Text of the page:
World Bulletin / News Desk
Turkey's Prime Minister Recep Tayyip Erdogan said on Friday that Turkey would support Crimean Tatars in maintaining their political rights amid the ongoing crisis in Ukraine.
"We will not leave Crimean Tatars in the lurch,” Erdogan said during a rally in the central Anatolian city of Eskisehir before the local elections on March 30.
“I have talked to Russian President (Vladimir) Putin on the events in Crimea and told him that Russia should protect the rights of Crimean Tatars as they do with the Russian majority and other minorities in Crimea," he said.
The Crimean Parliament decided on Thursday to hold referendum to join Russia amid a diplomatic push to solve the political crisis in the peninsula.
Russian and pro-Russian forces retain control of top institutions and military bases in Crimea, which Western countries say is a breach of Ukraine’s sovereignty and international law.
Nearly 60 percent of Crimea's population are ethnic Russians or Russian-speakers, who are represented by an overwhelming majority in the parliament.
Deputy PM says Turkey is for territorial integrity of Ukraine
Turkey’s Deputy Prime Minister said on Friday his country was in favor of Ukraine’s territorial integrity and ready to take measures to help maintain it.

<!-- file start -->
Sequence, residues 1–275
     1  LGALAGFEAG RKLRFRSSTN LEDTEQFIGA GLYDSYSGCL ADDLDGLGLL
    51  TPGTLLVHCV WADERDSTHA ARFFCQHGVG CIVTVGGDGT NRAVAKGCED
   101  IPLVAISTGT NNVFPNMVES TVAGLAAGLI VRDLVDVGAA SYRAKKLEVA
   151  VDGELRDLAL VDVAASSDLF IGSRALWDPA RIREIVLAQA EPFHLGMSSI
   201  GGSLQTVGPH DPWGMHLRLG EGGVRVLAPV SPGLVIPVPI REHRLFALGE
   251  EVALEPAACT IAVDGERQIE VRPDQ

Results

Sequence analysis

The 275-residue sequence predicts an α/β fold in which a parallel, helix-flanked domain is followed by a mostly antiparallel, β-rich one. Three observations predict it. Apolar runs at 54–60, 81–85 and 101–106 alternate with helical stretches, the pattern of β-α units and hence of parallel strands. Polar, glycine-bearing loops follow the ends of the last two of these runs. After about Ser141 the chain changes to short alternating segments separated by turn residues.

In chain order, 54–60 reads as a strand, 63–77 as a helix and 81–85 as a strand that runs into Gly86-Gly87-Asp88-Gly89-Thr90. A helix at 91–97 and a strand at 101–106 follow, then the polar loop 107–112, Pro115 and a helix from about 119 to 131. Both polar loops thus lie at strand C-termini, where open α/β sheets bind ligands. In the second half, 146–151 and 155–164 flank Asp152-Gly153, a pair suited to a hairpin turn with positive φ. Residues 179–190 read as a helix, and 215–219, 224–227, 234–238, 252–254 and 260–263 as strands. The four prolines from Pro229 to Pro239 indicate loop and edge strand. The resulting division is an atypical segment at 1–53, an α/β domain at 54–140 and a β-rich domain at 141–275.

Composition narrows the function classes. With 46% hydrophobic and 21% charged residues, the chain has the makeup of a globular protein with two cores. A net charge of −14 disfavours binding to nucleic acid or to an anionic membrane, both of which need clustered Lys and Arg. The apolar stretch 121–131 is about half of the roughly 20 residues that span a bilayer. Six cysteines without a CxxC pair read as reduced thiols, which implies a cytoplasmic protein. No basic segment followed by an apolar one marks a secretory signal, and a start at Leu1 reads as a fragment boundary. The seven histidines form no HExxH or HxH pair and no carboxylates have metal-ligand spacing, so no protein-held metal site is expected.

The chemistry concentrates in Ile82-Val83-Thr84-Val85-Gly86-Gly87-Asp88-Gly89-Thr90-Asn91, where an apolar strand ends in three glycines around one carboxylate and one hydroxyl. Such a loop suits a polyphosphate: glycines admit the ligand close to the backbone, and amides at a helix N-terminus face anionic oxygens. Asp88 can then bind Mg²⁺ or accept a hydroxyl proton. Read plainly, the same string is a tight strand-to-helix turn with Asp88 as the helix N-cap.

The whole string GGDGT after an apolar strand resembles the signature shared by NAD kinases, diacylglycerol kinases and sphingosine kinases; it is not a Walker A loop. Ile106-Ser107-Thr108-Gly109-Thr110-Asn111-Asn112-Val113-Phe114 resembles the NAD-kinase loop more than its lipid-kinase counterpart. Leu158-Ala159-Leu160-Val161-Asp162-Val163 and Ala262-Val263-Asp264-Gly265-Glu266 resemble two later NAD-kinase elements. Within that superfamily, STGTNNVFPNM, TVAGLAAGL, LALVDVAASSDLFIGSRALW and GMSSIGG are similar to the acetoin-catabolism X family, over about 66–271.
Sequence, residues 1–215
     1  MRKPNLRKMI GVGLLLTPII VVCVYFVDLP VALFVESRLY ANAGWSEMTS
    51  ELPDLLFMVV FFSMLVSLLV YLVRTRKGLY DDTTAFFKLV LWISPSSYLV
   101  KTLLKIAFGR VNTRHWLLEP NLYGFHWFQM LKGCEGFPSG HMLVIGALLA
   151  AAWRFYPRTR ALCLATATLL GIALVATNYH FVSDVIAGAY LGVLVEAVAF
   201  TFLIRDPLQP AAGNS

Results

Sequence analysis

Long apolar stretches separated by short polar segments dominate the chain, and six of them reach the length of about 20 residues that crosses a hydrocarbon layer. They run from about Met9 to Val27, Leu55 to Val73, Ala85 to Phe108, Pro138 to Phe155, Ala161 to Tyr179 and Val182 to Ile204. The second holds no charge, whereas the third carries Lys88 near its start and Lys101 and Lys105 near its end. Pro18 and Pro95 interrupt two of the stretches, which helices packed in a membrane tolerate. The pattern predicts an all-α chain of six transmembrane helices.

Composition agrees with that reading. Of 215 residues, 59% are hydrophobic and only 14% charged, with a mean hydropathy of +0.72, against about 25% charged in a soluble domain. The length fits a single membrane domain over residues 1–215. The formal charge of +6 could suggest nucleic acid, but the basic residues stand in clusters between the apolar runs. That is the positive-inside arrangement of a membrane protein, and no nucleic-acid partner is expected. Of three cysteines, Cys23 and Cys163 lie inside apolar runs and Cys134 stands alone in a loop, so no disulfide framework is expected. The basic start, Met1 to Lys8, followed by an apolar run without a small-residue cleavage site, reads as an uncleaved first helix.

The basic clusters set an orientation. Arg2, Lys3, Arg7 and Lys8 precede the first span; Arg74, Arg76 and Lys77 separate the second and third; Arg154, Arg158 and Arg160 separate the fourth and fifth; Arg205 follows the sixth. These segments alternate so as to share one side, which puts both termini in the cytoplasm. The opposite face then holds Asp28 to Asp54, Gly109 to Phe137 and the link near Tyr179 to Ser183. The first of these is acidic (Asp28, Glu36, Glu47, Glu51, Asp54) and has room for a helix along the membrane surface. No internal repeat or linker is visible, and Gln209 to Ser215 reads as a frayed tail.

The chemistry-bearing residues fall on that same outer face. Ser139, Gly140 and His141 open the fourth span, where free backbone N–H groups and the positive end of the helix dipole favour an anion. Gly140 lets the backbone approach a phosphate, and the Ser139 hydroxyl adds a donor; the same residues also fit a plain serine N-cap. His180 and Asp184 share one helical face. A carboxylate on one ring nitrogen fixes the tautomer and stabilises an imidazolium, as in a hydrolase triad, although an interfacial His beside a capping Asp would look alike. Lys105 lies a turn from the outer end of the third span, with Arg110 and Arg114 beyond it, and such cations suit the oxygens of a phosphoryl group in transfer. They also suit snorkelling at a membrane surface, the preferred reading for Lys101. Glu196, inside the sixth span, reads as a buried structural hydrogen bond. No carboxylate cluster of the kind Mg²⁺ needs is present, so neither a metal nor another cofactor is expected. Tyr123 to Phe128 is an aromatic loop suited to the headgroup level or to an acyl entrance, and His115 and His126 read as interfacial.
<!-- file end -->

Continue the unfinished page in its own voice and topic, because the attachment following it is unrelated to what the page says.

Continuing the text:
Bulent Arinc expressed concern for the Crimean Parliament’s decision Thursday to hold referendum on whether to become a part of Russia.
He said Crimea’s annexation would threaten the security of minorities in the peninsula, including Crimean Tatars who form nearly 15 percent of the population.
"Any kind of annexation to Russia will endanger the security in the region because some people living there will lose their identities and political status," he told journalists after a visit in the city of Bolu in northwest Turkey.
The Crimean Parliament’s decision came amid a diplomatic push to solve the political crisis in the peninsula, where Russian and pro-Russian forces retain control of top institutions and military bases.
On February 27, the Crimean parliament elected pro-Russian Sergey Aksyonov as the autonomous republic's new leader, along with several ministers. The new Ukrainian government regards Crimea's moves since February 27 as being unilateral, since Ukrainian law requires Crimea seek Kiev's approval on such decisions, including the decision to hold referendums.Last Mod: 07 Mart 2014, 16:16